Directors’ duties – don’t take short cuts
Trainee Solicitor, Emma Armstrong, explains a High Court case relating to a director's authority and responsibilities and the importance of not taking short cuts.
When a director of a company makes a decision, he must ensure that it is authorised and does not contravene the law or the Company’s Articles of Association.
In a recent case, the decision of the High Court illustrates the importance of following the correct procedure when making decisions and demonstrates the consequences when these are not followed.
Mr Dickinson was a director of a company called Norton Aluminium Ltd. In 2005, Mr Dickinson caused Norton Aluminium Ltd to transfer a factory to him for less than the market value. Following this, in 2007 a claim was brought against Norton Aluminium for nuisance. When Mr Dickinson was defending the claim, his plan was to carry out certain transactions in order to devalue the company and therefore deter the claim. Firstly, Norton Aluminium bought Mr Dickinson’s shares from him, but the money which was owed to Mr Dickinson was left outstanding as a loan. Secondly, Norton Aluminium sold one of its subsidiary companies to Mr Dickinson for the sum of £1.00.
Norton Aluminium went into liquidation and the liquidators tried to recover the assets from Mr Dickinson by claiming that the transactions were void. The court came to the following conclusions on each transaction;
The sale of the factory to Mr Dickinson was not approved by the directors pursuant to a valid resolution and therefore it was void. No properly constituted meetings of the directors ever took place and Mr Williamson, a fellow director, was never involved. In addition, because Mr Dickinson was connected to the transaction, as he was buying the factory from the company, his vote in the meetings which did take place did not count and therefore the meetings did not have the necessary quorum. The court held that the sale of the factory was not properly authorised and therefore Mr Dickinson held the factory on trust, and was liable to give it back to the company and pay compensation.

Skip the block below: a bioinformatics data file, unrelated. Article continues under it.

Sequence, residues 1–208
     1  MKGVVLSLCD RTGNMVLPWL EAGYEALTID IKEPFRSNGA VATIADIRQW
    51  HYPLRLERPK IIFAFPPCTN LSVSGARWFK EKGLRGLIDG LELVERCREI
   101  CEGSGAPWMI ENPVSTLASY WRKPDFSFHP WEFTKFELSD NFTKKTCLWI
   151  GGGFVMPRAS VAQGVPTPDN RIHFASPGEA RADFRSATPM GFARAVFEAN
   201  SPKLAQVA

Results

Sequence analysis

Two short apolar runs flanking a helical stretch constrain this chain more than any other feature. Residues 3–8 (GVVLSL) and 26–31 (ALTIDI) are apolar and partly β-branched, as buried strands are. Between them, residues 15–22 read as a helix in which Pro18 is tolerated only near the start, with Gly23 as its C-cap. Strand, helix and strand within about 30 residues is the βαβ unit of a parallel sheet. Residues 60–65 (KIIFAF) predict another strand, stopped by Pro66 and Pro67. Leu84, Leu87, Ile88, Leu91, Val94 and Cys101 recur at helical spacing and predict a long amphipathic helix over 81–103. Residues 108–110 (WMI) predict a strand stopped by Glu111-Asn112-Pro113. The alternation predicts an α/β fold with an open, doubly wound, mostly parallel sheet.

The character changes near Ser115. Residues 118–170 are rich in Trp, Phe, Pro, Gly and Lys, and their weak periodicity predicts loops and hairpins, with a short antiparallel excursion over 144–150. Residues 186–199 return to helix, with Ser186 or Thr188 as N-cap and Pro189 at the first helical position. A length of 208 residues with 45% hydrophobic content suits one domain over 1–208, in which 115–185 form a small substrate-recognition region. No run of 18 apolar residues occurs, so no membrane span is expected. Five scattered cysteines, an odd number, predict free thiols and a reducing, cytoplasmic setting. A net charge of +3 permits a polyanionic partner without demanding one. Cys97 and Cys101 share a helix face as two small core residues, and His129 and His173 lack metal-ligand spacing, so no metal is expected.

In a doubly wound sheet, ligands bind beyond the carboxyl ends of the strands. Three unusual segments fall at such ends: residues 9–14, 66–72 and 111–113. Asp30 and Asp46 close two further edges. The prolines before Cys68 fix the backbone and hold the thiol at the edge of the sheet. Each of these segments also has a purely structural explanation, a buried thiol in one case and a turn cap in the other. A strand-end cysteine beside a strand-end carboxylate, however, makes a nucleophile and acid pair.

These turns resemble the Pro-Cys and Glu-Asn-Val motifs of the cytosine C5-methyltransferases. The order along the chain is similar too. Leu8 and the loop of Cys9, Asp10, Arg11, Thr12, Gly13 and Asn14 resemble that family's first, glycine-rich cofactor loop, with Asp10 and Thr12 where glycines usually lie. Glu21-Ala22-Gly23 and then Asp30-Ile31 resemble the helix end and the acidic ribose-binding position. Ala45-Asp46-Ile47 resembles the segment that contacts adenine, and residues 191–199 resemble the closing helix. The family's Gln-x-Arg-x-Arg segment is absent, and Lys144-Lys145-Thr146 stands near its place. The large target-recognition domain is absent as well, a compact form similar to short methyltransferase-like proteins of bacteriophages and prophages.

Buy back of shares
The court held that the buy-back of shares was void for two reasons. Firstly, Mr Dickinson’s objectives in entering into the buy-back transaction were to ensure that his interests ranked ahead of the other claims against the company. Secondly, because the purchase price of the shares was left outstanding as a loan, this contravened the law, as it is a requirement in a company purchase of own shares that the shares must be paid for at the time of purchase.
Sale of the subsidiary
The judge found that the value of the subsidiary company at the date of the sale was in fact £214,000. Under the law, a transaction of this value is subject to shareholders approval. As this was not granted the transaction was held to be voidable. The judge also said that Mr Dickinson had not acted in the best interests of the company by selling the subsidiary for £1.00, as in doing so he preferred his own interests.
Transactions between companies and their directors are quite common, and it is sometimes assumed that they are essentially "in house" arrangements which require little or no formality. However, in this instance a failure to follow proper procedures meant that all three of the transactions were held to be invalid. This case is a reminder that company directors and shareholders must always follow the correct procedures and avoid short cuts. The steps required to secure authority can be time consuming but failure to take them can be costly.
If you would like more information on directors' authority and responsibilities, please contact Emma Armstrong at email@example.com.
About the author
Emma is a Trainee Solicitor in the firm's Family law team.